Ever Wonder How the Pros Train for a Marathon? Here's an inside Look with Pro Marathoner Scott Fauble.

Marathons, meditation, and Mexican food. If Scott Fauble’s recent years as a professional runner could be described in a few words, these would surely make the list. In addition to being a prolific blogger and spearheading a burrito movement called “Burrito Mafia”, the Team Roctane athlete has built up quite the resume in just a few years.

From his dominant college days at powerhouse University of Portland to the professional ranks with Hoka ONE ONE Northern Arizona Elite, Fauble has been on a mission to discover his running potential.

Here are some of his recent personal bests and achievements:

  • 9th place at 2017 Frankfurt Marathon (2:12:35)
  • 4th place at 2016 Olympic Trials in the 10,000
  • Runner-up at USATF Half Marathon Championships
  • 3rd place at Great Edinburgh International XC Challenge
  • 2016 USA Olympic Trials Marathon qualifier
  • 3-time All-American in Cross Country at University of Portland
  • PRs:
    • 13:50.81 5k
    • 28:00.43 10k
    • 1:02:58 half marathon
    • 2:12:35 marathon

Scott’s next conquest? Marathons. After an impressive top-10 debut in 2:12:35 at the Frankfurt Marathon last October, he has established himself as an elite American marathoner. Scott joined us to share marathon advice, including four of his recent key marathon workouts: Bread & Butter 400 Repeats, The Long Run, Mile Repeats, and Race Simulation. Along with specifics, he drops marathon training tips for runners of all levels on how they can adjust his workouts to their own needs, whether the goal is to qualify for the Olympic trials or simply cross the finish line.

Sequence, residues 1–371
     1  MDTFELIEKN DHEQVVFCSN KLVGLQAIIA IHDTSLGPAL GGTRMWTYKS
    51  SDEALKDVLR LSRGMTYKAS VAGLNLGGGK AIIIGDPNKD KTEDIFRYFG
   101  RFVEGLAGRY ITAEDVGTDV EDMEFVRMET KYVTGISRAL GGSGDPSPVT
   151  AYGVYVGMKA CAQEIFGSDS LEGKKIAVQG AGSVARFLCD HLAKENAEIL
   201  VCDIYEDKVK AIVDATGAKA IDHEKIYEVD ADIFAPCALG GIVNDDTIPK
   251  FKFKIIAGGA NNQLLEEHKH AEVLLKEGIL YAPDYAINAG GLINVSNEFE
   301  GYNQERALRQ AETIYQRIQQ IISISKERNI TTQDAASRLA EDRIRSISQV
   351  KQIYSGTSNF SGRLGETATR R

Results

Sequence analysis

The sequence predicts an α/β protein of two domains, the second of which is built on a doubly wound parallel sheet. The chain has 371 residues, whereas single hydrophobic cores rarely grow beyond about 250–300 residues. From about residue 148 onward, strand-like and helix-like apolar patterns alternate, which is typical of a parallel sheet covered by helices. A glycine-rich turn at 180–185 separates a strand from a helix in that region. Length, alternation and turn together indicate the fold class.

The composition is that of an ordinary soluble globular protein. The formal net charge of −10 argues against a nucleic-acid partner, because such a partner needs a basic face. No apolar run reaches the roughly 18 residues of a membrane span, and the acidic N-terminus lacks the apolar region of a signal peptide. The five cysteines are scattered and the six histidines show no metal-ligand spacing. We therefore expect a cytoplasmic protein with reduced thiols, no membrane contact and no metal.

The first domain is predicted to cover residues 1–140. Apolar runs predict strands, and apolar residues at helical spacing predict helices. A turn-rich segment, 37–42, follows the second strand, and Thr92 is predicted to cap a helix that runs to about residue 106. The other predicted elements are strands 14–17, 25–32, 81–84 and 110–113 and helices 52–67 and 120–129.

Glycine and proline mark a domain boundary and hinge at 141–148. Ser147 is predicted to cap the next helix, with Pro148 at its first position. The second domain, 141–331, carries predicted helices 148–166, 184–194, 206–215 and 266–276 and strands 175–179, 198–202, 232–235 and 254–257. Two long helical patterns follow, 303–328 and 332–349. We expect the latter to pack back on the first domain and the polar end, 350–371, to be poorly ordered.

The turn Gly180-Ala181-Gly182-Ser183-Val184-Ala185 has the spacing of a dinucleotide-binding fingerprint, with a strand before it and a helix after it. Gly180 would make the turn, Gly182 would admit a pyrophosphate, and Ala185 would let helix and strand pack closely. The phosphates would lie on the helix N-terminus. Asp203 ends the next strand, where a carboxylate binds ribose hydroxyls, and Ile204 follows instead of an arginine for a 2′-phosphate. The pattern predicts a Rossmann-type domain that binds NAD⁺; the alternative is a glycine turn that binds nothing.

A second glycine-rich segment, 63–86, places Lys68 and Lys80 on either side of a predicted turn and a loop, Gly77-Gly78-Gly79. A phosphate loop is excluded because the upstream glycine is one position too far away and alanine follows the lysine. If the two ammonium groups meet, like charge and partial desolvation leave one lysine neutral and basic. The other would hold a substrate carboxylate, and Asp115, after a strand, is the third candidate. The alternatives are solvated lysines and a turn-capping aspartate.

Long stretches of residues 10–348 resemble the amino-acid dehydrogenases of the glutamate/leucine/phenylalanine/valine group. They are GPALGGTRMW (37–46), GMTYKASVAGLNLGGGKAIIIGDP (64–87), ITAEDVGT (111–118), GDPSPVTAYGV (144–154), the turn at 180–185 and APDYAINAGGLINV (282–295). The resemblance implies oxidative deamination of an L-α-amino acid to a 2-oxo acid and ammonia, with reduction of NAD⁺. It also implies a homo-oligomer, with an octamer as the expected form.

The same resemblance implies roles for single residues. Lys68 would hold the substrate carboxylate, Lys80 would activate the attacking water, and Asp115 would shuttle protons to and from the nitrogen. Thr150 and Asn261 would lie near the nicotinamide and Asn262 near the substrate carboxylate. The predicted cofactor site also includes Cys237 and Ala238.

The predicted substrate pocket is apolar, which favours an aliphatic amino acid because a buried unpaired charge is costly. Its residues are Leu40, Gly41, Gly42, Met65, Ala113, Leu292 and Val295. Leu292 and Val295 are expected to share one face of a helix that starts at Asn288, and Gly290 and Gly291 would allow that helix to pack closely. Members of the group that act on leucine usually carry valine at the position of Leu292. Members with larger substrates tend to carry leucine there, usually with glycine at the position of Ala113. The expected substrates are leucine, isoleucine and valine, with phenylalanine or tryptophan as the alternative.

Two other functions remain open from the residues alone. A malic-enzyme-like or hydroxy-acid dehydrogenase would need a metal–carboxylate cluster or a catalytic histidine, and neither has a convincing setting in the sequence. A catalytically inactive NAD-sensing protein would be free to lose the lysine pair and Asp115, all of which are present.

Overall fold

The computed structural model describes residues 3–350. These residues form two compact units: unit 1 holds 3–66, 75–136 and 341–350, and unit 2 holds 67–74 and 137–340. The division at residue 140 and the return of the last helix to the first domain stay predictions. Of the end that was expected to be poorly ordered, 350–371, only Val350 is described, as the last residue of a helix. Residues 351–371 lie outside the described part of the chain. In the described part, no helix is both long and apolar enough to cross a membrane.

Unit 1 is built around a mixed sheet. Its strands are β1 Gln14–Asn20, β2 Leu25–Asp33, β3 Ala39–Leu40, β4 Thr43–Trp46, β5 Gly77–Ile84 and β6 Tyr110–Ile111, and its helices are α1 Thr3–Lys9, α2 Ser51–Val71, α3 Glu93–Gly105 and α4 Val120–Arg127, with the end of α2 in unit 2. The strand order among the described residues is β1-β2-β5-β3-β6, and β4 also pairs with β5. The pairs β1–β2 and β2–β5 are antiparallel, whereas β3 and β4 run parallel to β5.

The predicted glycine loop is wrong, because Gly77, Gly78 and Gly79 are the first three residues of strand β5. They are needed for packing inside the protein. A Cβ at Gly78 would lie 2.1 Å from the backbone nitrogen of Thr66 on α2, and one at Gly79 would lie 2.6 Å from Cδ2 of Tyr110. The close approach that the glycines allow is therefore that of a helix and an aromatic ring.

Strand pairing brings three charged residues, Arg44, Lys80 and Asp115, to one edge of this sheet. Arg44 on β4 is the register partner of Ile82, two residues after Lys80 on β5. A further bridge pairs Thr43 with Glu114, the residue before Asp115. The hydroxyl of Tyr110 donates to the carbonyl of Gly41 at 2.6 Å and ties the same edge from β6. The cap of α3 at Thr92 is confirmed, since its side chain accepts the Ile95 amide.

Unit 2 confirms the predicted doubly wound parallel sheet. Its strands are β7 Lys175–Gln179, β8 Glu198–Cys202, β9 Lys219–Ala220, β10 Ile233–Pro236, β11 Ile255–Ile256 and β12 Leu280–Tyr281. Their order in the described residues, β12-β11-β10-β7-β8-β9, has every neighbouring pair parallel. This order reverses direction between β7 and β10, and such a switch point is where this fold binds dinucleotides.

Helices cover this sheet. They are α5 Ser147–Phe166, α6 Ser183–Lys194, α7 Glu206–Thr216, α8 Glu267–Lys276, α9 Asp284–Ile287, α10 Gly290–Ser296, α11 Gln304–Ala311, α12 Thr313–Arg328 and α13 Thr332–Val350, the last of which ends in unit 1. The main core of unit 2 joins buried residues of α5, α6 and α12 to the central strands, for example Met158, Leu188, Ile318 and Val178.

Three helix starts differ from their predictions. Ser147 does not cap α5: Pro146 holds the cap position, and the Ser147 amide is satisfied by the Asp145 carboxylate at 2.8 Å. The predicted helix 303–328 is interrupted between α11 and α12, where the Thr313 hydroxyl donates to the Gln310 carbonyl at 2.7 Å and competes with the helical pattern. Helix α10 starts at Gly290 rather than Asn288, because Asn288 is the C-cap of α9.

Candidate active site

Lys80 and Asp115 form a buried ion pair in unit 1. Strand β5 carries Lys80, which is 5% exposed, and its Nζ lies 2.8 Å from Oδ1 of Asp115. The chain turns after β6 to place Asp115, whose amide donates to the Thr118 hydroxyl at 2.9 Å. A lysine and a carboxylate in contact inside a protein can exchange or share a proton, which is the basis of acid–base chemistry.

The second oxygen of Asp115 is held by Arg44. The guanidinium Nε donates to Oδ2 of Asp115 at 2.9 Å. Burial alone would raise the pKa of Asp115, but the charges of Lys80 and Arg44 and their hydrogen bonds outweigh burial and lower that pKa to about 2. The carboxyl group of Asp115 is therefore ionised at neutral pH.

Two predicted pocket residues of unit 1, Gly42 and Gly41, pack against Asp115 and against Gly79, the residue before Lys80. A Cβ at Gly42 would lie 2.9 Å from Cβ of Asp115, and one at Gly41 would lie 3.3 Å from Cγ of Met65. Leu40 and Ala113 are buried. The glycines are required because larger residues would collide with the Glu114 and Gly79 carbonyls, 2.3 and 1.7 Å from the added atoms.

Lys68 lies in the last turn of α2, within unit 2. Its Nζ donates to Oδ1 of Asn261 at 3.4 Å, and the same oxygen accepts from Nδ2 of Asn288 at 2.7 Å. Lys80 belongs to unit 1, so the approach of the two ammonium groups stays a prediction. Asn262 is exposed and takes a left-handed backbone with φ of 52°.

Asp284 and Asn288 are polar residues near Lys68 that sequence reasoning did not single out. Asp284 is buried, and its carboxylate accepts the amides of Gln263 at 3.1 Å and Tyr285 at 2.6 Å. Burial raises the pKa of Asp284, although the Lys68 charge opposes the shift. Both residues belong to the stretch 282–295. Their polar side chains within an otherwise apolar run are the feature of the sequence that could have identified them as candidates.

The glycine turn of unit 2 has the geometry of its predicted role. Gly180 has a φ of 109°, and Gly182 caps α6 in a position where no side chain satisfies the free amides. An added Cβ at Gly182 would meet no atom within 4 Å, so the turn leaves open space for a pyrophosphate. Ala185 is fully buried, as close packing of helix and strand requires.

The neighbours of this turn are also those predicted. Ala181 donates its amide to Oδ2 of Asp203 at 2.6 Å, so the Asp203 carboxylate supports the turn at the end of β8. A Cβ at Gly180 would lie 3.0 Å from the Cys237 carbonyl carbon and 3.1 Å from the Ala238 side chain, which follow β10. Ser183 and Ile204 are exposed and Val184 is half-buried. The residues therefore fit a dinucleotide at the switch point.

(Note: Scott lives and trains in Flagstaff at 7,000 feet but drives down to Camp Verde at 3,100 feet for some key workouts.)

Workout #1: Bread & Butter 400 Repeats

“Fast, efficient, and smooth”

Purpose: “The point of this workout,” according to Fauble, “is to allow you to work on feeling smooth and efficient at a pace that’s well under your marathon pace without tearing your legs up too much. The rest for this workout is short so you still get a good aerobic stimulus despite running short intervals.”

Specifics: 25 x 400 meters @ 10K pace (67 seconds per lap) with 100 meters recovery (45-60 seconds)

Splits: All splits were on pace, at 67 seconds per lap

Total Miles: 6.25 miles of work, 11 miles including warm up and cool down

Making it work for you: “When adjusting to your own plan, think about it in terms of time instead of distance. You want to be running between 60 and 80 seconds per interval, at your race pace for a race that would last 25-40 minutes. For example, if you run a 5k in 25 minutes, you might want to use that pace for about 1 minute at a time, even if that means running 200 to 300 meters.”

Scott’s Note: You shouldn’t feel completely recovered at the start of each interval, but you shouldn’t be working too hard during the repetitions. Focus on being as smooth and efficient as possible.

GU products used:

  • Before: 2 x Branched Chain Amino Acid Capsules, Summit Tea Roctane Energy Drink Mix
  • During: Summit Tea Energy Drink Mix